If one of the themes of Classical Readings in Culture and Civilization is the relation between nation-building and the concepts of civilization and culture (see for example the essays by Jefferson, Mann and Febvre above), then this aspect comes to the fore in this essay by Norbert Elias, 'Nationalism and Nation-State Formation'. This extract, taken from the more recently published The Germans, builds on the foundations already laid in his The Civilizing Process, which was completed in Britain after Elias had left Germany in 1933, and published in German in 1939. The first volume concentrated on the relation between the image of civilization and transformations in conduct, while the second presents an empirically grounded model of the formation of states in Europe since the Middle Ages, and shows how changing power ratios and the monopolization of violence within society are connected to the 'curbing of affects' and changing patterns of both manners and people's habitus in the civilizing process proper.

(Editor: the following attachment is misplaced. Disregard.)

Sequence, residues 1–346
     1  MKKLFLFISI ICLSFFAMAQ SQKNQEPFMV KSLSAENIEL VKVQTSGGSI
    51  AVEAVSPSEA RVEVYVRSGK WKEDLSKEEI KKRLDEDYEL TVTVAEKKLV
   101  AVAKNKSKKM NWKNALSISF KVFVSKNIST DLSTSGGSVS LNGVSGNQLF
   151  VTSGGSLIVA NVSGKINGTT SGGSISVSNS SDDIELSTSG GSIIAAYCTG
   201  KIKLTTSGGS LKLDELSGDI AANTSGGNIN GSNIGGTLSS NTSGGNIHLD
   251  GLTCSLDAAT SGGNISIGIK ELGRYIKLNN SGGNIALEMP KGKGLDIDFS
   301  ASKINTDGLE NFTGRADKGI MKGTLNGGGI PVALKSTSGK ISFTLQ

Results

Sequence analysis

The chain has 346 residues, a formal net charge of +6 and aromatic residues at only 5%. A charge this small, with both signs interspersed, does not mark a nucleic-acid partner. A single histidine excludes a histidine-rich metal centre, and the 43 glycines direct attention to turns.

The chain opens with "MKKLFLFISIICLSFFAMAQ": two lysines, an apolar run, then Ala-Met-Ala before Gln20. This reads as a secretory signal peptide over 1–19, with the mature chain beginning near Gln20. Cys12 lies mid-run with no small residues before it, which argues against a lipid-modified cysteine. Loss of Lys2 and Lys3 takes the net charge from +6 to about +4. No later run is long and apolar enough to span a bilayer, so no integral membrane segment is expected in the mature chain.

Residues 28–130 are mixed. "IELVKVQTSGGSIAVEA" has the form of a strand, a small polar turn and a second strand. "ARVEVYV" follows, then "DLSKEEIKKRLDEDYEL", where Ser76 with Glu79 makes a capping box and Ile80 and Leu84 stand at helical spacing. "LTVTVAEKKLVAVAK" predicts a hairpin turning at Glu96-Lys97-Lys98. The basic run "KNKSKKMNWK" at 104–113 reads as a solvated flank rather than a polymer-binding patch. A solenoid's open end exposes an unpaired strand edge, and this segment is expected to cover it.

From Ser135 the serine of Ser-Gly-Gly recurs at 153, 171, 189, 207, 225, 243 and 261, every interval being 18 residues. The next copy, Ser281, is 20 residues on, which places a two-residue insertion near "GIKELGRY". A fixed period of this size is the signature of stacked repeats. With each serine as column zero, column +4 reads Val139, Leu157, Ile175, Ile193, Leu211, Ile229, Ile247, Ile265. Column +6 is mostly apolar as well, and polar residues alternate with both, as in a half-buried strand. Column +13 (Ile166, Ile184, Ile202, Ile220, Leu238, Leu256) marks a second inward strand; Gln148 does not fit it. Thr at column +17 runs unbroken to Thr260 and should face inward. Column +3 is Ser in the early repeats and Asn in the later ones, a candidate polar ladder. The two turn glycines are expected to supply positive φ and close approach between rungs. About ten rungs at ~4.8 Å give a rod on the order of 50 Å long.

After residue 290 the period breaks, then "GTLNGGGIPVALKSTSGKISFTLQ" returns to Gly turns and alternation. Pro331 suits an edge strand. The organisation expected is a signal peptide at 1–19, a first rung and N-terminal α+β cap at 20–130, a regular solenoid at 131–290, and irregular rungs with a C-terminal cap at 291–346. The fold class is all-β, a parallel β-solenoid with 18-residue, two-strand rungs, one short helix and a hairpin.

Elias argues that the images of 'civilization' and 'culture' emerge in the context of the formation and transformation of elites, who define themselves against other elite groups, or against other social groups altogether. This is particularly clear in the development of the German nation-state and German nationalism, in which 'civilization' came to be associated with other countries' values — especially those of France - while 'culture' became the badge of distinctively German values.